However, it is not so simple. The impact of intergenerational transmission of trauma, the impact of the social determinants of illness, the lack of systems to divert resources to areas in need, the collective moral challenge we are facing, our addiction to war and aggression, and other factors means it is not appropriate to blame individuals for the high rate of ACEs we see. Human beings seem to be the only animals who do this kind of thing on such a grand scale. We don’t truly know why, but this is a question of ever-more-pressing urgency.

Complacency Is Lethal

If there is a call to action, it is to first raise awareness. With collaboration, compassion and reason, and especially by empowering and educating the younger generations stuck with this terrible bill, can we hope for a different kind of world, and a different kind of human being.

Future research will further define the scope of the problem we are facing. Importantly, identifying high-value areas for intervention and testing the impact of interventions is needed to direct limited resources to the highest value targets.

Diverting resources from destructive behaviors to constructive behaviors is a heavy lift for the capitalist mindset, indeed for any mindset perhaps. But even the most “greedy” capitalist mindset could be swayed by a deep understanding of the data. We see this, for instance, as some insurance companies are finally persuaded to pay for mental health treatment… but only as they come to see that doing so saves them billions in the future. Long-term thinking is sorely lacking.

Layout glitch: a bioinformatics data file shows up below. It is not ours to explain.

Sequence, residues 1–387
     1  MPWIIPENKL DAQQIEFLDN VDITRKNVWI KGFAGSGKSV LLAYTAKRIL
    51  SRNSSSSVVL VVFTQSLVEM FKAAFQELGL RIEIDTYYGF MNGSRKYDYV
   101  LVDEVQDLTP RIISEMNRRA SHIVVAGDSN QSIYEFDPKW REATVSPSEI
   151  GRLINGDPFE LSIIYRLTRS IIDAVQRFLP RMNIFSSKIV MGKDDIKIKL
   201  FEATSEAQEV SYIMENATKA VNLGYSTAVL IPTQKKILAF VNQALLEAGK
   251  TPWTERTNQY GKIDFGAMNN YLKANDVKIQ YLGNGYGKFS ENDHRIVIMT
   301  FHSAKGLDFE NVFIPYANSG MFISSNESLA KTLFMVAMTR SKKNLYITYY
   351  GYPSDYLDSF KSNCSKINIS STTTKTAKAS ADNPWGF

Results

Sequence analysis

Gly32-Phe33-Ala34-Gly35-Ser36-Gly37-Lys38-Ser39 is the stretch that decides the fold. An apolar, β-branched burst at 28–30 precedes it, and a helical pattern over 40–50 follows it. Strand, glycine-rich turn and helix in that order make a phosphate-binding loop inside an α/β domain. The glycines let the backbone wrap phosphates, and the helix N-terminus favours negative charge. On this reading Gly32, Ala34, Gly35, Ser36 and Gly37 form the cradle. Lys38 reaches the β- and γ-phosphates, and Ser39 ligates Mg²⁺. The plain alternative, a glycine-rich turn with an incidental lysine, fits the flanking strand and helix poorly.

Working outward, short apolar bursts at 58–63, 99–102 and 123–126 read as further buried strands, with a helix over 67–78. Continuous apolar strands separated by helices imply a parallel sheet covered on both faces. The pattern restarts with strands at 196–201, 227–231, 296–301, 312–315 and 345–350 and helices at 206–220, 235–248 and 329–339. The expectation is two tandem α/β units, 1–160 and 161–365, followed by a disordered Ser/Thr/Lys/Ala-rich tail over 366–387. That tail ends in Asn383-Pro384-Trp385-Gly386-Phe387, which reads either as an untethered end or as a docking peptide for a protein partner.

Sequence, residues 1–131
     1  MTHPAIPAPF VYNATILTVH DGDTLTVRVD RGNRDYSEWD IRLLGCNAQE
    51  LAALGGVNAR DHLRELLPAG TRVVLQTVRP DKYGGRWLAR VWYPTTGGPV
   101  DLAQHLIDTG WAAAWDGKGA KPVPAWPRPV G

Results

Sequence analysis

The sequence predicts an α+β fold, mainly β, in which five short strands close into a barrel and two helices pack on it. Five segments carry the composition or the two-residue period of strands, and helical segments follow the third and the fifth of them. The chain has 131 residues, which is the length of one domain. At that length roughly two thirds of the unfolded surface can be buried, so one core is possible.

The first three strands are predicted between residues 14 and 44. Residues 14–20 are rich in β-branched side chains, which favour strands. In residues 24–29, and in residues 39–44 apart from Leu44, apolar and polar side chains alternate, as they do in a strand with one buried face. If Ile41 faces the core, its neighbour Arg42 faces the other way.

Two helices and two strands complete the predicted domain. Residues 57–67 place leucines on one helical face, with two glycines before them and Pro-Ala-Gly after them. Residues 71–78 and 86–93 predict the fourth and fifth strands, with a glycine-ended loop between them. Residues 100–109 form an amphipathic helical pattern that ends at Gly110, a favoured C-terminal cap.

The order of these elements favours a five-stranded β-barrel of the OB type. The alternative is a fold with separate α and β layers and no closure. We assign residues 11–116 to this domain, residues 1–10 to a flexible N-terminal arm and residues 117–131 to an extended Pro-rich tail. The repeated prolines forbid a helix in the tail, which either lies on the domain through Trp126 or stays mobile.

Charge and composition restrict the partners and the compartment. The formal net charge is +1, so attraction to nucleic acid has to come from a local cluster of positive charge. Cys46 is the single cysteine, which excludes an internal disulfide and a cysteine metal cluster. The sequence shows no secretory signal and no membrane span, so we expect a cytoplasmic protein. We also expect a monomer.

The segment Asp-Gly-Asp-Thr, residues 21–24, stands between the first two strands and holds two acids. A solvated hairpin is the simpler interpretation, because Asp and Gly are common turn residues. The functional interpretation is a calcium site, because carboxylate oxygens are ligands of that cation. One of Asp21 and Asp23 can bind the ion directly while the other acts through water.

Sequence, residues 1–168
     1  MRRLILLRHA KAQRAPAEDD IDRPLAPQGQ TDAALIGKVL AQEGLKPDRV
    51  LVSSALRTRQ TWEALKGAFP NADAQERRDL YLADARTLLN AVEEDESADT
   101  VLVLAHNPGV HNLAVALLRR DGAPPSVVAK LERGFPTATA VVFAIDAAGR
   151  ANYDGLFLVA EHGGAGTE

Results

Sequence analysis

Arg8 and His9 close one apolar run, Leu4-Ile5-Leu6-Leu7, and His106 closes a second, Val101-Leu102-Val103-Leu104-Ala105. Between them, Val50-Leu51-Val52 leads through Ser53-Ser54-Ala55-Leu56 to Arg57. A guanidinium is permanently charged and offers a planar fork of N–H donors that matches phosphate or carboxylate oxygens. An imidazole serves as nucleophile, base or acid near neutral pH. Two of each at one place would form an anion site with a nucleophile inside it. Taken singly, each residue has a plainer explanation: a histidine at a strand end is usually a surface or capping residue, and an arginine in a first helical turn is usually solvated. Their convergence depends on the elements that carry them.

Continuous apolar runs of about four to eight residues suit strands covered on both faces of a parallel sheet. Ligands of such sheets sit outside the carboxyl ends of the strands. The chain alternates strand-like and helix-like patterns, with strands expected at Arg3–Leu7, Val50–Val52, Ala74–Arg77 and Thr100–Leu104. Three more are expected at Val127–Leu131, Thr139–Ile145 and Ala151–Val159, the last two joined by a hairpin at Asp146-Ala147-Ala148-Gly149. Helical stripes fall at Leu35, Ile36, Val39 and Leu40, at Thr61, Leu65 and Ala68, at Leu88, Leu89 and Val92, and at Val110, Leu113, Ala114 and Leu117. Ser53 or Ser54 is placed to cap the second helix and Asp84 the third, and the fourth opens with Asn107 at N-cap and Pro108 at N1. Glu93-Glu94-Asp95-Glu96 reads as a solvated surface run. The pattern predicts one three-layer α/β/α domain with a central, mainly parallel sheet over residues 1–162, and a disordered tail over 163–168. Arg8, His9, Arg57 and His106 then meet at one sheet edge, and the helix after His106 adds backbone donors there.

Preventing ACEs is of urgent importance, as is mitigating the negative impact of ACEs currently, in terms of substance and alcohol abuse, mental illness, physical health outcomes, and the cost to society. Understanding whether ACEs are also associated with the problems facing society, including climate issues, mass violence, and in general impaired collective decision-making, would be helpful for raising awareness, changing attitudes and catalyzing change.

ACEs Questionnaire – Trigger Warning

public domain/not copyrighted
To derive ACES score
Source: public domain/not copyrighted

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Elon Musk Teases November Release Of The Pickup Truck

Elon Musk, the CEO of Tesla has once again been up to his social media antics. In the past as well Musk has been known to use social media as an …

Elon Musk, the CEO of Tesla has once again been up to his social media antics. In the past as well Musk has been known to use social media as an effective tool to expand the base of his followers as well as give out news pertaining to the company as well as the products it is about to launch.